It was a rare moment in Congress this week as Republicans briefly put aside partisanship in support of President Barack Obama's request to train and arm Syrian rebels, and while a number of Democrats opposed the measure, Louisiana's Democratic Sen. Mary Landrieu found herself on the same side of the issue as her Republican challenger Rep. Bill Cassidy.
Home Depot breach bigger than Target; Alibaba IPO could be big; Rivers' last project and more national and international news for Friday, September 19, 2014.
Friday's Blogs from the Bog!
City-Parish President Joey Durel is asking the council to sign off on a resolution approving a pair of deals that would lead to razing the seedy Lesspay Motel at Four Corners to build a new police substation as well as transforming nearly a block Downtown where the old federal courthouse building now molders into a mixed-use development.
In 2013, the IRS — already the least popular governmental agency in the country — became the target of intense investigations after it was revealed that they had specifically and improperly scrutinized applications for tax-exempt status from organizations associated with the nascent Tea Party movement.
Improving the running game was "a point of emphasis" during the offseason and the results have manifested themselves in the form of substantially greater production.
Louisiana's health department said Wednesday that its evaluation of the state's Medicaid privatization was on target, despite criticism from the legislative auditor that it lacked key data and contained inconsistencies.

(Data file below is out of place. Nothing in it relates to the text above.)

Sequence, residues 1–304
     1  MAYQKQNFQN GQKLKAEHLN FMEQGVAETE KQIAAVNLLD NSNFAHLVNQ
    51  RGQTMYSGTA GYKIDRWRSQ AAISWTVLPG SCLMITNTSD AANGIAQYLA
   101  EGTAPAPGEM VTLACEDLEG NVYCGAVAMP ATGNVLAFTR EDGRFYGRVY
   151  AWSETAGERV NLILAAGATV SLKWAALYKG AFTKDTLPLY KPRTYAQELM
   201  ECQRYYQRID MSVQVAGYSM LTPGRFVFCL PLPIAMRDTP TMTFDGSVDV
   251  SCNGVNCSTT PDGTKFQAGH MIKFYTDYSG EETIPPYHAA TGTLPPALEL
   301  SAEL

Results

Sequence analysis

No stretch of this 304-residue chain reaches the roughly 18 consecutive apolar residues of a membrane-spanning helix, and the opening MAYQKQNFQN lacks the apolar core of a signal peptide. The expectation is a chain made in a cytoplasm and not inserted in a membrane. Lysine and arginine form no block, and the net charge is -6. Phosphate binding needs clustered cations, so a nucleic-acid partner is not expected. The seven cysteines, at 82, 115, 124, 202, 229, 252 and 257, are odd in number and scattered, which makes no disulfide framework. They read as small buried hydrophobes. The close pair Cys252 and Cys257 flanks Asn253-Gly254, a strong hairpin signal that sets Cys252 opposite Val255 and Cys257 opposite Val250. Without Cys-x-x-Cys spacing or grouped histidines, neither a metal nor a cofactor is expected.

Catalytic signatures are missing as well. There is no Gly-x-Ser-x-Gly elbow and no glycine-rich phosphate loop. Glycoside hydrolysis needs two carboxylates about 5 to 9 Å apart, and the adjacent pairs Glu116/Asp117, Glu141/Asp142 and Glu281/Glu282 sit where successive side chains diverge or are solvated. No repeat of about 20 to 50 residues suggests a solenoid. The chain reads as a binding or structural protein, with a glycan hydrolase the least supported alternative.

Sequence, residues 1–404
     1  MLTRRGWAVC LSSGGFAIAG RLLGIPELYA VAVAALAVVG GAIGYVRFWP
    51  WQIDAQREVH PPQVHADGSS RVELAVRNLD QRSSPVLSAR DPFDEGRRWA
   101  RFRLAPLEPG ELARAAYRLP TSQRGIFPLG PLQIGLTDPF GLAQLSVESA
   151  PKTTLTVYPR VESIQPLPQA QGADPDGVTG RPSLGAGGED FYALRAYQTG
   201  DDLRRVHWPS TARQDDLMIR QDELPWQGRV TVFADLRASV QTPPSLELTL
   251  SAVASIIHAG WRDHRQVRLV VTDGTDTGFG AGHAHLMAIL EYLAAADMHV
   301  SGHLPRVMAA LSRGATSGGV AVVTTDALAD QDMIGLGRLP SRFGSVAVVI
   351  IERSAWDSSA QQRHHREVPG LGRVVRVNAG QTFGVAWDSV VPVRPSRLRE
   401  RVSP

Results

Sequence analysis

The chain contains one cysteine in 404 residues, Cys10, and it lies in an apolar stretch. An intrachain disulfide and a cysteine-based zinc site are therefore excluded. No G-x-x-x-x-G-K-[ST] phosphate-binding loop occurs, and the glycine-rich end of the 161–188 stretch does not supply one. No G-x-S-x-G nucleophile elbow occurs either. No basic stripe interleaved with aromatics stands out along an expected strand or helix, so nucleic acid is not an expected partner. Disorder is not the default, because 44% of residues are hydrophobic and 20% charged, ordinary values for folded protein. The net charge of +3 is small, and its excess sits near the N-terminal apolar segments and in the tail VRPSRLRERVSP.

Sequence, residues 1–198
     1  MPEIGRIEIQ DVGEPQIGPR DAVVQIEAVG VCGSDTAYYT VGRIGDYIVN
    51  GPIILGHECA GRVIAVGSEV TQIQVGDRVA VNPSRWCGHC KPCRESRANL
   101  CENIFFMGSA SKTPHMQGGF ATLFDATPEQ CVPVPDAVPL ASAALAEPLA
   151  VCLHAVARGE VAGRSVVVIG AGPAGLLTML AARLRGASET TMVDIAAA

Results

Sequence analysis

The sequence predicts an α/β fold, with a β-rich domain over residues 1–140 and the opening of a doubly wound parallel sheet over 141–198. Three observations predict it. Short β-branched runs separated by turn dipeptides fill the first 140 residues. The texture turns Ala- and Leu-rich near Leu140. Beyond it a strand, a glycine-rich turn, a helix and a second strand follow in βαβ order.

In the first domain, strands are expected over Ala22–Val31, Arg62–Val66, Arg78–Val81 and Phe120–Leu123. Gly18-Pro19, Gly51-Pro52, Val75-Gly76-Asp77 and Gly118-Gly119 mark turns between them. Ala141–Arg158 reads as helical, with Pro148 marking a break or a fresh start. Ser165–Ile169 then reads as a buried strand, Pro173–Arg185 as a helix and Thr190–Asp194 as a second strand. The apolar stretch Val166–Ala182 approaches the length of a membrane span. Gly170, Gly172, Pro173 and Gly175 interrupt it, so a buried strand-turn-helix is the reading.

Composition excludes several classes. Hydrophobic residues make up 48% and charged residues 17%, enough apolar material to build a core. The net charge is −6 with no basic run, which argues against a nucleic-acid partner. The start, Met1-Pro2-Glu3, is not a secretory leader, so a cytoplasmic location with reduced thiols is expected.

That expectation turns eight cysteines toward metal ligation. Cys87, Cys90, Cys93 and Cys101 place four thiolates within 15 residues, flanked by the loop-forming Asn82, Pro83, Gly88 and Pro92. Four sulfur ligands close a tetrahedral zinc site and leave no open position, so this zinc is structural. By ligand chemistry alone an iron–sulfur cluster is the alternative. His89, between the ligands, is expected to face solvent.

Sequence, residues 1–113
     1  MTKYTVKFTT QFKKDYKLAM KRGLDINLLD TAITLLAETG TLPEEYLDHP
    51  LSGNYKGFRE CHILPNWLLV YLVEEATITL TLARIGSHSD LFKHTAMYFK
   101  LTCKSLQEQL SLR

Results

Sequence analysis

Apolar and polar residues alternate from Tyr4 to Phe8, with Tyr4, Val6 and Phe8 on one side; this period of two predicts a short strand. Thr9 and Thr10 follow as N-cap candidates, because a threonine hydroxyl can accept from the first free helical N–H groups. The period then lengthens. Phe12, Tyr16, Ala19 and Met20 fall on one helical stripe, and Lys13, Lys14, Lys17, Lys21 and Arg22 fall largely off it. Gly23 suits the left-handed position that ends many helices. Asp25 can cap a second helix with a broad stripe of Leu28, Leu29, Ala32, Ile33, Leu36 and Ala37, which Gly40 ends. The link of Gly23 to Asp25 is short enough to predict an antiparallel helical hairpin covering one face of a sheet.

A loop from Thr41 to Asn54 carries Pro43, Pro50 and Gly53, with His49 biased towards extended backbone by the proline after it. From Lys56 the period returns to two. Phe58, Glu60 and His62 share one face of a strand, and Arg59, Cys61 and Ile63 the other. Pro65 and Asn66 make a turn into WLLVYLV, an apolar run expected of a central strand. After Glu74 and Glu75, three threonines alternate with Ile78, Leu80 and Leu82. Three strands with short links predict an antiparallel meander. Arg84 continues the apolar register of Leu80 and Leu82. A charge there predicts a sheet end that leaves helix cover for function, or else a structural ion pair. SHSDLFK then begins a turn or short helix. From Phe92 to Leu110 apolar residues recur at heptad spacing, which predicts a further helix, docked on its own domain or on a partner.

The feds converge on your office, seizing records on several employees as part of a pay-for-plea investigation. WWYD? If you’re Mike Harson, you give yourself a $12k raise.
It’s football season and after back-to-back winless weekends for the Saints and the Cajuns many citizens are finding it difficult to be civil much less happy. Well, chew on this.
Considering his repeated stays in the local penal system, David Narcisse Jr. should have known that having a semiautomatic shotgun, even one given to him by a friend, wasn’t the brightest of ideas.
A state district judge on Tuesday threw out a last-minute retirement hike lawmakers gave to the state police superintendent, ending a political firestorm over a pension boost passed without public scrutiny on the last day of the legislative session.
The House has passed a bill to increase oversight of veterans' hospitals under construction, following a report that some medical centers take three years longer to complete than estimated and cost an extra $366 million per project.
An obvious follow-up question for any Republican politician who accuses Democrats of being science deniers is one about science, to which Jindal bobbed and weaved like a welterweight champ.
The Lafayette City-Parish Council is expected to decide tonight (Tuesday) whether to go along with a proposal City-Parish President Joey Durel made in February’s State of the Parish Address and consolidate taxes for mosquito control and the parish health units into a broader tax program that would also cover animal control.
U.S. District Judge Richard Haik has dismissed Greg Davis’ lawsuit against the LPSB, yet in his ruling, the federal judge doesn’t bite his tongue in pointing out the "threat" being posed by certain board members.
Of all the political offices being contested throughout Lafayette Parish, the race for Broussard’s top police post has literally become one of the most heated.
A state district judge is deciding whether to issue an injunction against the enforcement of a last-minute retirement hike that lawmakers gave to the state police superintendent.
A new website is up for Louisiana's state government employees and retirees to choose their health insurance plans for next year, a choice they must make by October.
That fact that New Orleans led both games in the final 10 seconds of regulation, and lost each by a field goal or less, is of little solace.